Whilst this essay supports the premise that post-war Britain is best described as a tolerant and multicultural nation, there have been many different events that have happened since the free-for-all in 1948 British Nationality Act. The laissez-faire approach of various governments to immigration from 1948 stoked intolerant attitudes to non-white immigrants, which resulted in the Rivers of Blood speech and the 1981 Brixton Riots, that eventually led to the effective ‘closing the doors’ as legislated in the 1981 Immigration Act. The failure to support immigrants to assimilate and integrate into British society, combined with legislation to prohibit acts of racism, led to the 1965 and 1968 Race Relations Acts that forced a more multicultural approach to diversity. Hence, the State has been instrumental to protect racial ethnic diversity and to promote difference. On the other hand, it has also been demonstrated that British society was less inclined to accept minority groups due to the prejudice that they would ‘taint’ the very essence of their identity. This was at a time when the loss of the Imperial pre-eminence and the experiences of the WWII were being nostalgically reconstructed, making still further frictions between white and non-white communities. Competition for resources, i.e. housing, jobs and education, exacerbated public sentiment leading to further tensions. At the same time, propaganda from various right-wing politicians juxtaposed Britishness as being ‘white’, hence these ideologies might have played an important part in shaping people’s attitudes towards those of a different race. Thereby, the argument shifted, in the late 1950s, towards race relations with some parts of British society campaigning against racial discrimination and migration controls. With regards to multiculturalism, this paper has also attempted to show that both British and newcomers were not willing to accept each other customs. For the former it was an aggression to their values, and for the latter a feeling of social exclusion in terms of low pay, unemployment and bad housing. Tolerance and multiculturalism in Britain have received much attention in the past fifty years, but as Paul Gilroy claims, there is still no understanding why Britain was unable to come to terms with its minority groups,[13] and many questions remain unanswered. Eventually, in response to Gilroy’s challenge, it could be alleged that if the State had implemented clear integration policies sooner, then tolerance and multiculturalism would have been a constant since 1948 due to the self-declared openness of the British society. In conclusion, it can be suggested that multiculturalism was implemented not via assimilation, but by the means of legislation and that they are still at the core of a tolerant and multicultural Britain in the twenty-first century.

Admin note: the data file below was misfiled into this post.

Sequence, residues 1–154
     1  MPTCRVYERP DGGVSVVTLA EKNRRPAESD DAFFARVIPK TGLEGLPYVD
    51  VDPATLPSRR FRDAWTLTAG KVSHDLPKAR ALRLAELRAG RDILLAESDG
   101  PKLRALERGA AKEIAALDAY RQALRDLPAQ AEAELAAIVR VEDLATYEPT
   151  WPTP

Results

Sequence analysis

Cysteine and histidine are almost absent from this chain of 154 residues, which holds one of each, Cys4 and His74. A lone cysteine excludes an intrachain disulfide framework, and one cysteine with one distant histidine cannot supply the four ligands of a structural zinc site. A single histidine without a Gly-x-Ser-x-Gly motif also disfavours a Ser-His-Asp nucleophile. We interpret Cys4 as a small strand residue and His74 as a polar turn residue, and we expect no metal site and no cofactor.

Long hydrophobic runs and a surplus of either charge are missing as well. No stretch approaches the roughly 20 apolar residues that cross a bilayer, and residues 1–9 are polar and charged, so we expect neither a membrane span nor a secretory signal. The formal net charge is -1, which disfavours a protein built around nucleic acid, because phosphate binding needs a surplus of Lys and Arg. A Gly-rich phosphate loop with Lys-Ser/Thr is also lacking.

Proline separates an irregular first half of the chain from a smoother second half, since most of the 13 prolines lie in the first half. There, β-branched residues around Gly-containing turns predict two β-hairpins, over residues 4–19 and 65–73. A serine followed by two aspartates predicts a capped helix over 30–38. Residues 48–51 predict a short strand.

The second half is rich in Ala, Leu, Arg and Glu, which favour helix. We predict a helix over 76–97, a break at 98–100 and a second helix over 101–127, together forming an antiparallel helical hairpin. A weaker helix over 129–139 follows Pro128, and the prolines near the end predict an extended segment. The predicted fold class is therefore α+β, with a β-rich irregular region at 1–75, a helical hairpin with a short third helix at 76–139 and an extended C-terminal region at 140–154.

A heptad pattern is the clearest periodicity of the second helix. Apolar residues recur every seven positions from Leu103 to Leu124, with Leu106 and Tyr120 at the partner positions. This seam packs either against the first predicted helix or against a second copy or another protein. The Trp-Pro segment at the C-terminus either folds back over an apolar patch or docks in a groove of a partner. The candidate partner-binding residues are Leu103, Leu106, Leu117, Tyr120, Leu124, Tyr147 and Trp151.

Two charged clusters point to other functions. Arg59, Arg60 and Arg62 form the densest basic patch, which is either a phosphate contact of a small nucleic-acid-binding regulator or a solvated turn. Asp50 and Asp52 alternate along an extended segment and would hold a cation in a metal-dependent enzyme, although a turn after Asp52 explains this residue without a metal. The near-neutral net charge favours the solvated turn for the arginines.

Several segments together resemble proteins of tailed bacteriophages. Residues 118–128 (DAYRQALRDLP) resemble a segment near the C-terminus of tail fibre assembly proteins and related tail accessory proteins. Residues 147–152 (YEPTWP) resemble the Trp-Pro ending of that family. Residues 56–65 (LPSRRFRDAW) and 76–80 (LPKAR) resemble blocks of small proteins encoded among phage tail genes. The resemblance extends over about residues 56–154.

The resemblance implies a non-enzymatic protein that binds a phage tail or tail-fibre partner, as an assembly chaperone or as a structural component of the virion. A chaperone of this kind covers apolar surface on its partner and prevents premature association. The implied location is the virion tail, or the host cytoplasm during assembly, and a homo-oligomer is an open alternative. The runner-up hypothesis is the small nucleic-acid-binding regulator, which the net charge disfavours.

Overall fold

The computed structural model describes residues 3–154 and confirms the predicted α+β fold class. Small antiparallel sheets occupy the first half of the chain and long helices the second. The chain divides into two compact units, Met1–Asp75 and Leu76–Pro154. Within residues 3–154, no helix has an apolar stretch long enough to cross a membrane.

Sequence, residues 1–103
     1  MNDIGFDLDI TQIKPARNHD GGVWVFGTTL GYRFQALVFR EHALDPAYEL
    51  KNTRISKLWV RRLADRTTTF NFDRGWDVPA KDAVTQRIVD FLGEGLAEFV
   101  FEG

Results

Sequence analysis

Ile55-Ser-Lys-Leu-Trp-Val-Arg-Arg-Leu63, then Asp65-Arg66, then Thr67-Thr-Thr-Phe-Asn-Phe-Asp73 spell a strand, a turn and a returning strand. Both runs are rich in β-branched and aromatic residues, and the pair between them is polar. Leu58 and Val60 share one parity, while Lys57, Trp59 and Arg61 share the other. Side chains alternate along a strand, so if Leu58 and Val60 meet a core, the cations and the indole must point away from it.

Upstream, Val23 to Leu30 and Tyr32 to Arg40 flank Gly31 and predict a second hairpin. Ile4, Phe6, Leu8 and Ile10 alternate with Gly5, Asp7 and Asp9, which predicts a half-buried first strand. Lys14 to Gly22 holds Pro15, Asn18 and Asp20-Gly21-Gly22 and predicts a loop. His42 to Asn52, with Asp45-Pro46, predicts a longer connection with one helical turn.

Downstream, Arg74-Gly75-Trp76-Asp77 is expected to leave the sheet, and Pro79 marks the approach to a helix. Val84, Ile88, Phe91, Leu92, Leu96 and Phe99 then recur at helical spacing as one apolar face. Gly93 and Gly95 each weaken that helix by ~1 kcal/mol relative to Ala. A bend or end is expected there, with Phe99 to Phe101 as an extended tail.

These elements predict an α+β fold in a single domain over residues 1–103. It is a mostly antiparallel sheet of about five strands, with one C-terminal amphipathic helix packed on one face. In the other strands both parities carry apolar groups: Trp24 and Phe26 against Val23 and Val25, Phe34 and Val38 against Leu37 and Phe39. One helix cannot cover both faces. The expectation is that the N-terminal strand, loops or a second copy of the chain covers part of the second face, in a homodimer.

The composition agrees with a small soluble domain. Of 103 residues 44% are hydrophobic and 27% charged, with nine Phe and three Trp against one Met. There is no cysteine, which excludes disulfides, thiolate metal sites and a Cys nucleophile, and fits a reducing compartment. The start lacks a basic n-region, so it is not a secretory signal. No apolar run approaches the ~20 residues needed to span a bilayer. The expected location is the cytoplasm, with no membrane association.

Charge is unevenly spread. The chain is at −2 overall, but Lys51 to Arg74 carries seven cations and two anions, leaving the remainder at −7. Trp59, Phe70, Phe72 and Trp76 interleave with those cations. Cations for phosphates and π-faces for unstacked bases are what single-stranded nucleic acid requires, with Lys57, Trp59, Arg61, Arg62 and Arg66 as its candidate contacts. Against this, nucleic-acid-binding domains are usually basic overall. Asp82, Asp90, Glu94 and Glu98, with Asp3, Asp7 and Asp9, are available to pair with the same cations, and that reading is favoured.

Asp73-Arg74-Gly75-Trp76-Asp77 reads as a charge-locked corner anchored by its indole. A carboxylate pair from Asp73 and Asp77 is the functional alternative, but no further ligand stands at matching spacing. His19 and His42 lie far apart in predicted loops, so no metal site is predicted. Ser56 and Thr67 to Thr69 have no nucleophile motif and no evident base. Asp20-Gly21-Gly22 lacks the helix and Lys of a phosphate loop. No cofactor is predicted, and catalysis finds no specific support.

[1] Chris, Waters, “‘Dark Strangers” in our midst: discourses of race and nation in Britain, 1947-1963, Journal of British Studies, vol. 36, No. 2, Twentieth British studies, (April, 1997), p.208

[2] British Nationality Act 1948, Part II, sections 4 and 5, <http://www.legislation.gov.uk/ukpga/Geo6/11-12/56/enacted>[accessed 9th March 1017]

[3] Chris, Waters, “‘Dark Strangers”, p.217

[4] Ibid., p.209

[5] Enoch Powell’s Rivers Of Blood Speech, <https://www.youtube.com/watch?v=ix_7p1qczXs> [accessed 9th March 2017]

[6] Paul Kathleen cited in Randall, Hansen, Citizenship and immigration in Post-War Britain : the institutional origins of a multicultural nation, (Oxford University Press, 2000), p.13

[7] Randall, Hansen, Citizenship and immigration, p.17

[8] Parekh, Bhikhu, C., Rethinking multiculturalism: cultural diversity and political theory, (Palgrave, 2000), pp. 13, 196-197

[9] Colin, Holmes, A tolerant country?: immigrants, refugees, and minorities in Britain, (London, 1991), p.4

[10] Goulbourne, Harry, Race relations in Britain since 1945, (Palgrave, 1998), p.76

[11] Nairns and Anderson cited in Paul, Gilroy, There ain’t no black in the Union Jack the cultural politics of race and nation, (New ed. London, 2002), p.43

[12] Stuart, Hall, “Race, Articulation, and Societies Structured in Dominance” Sociological Theories: Race and Colonialism, (Paris: UNESCO, 1980), p.338

[13] Gilroy, Paul, There ain’t no black in the Union Jack the cultural politics of race and nation, (New ed. London, 2002), p.37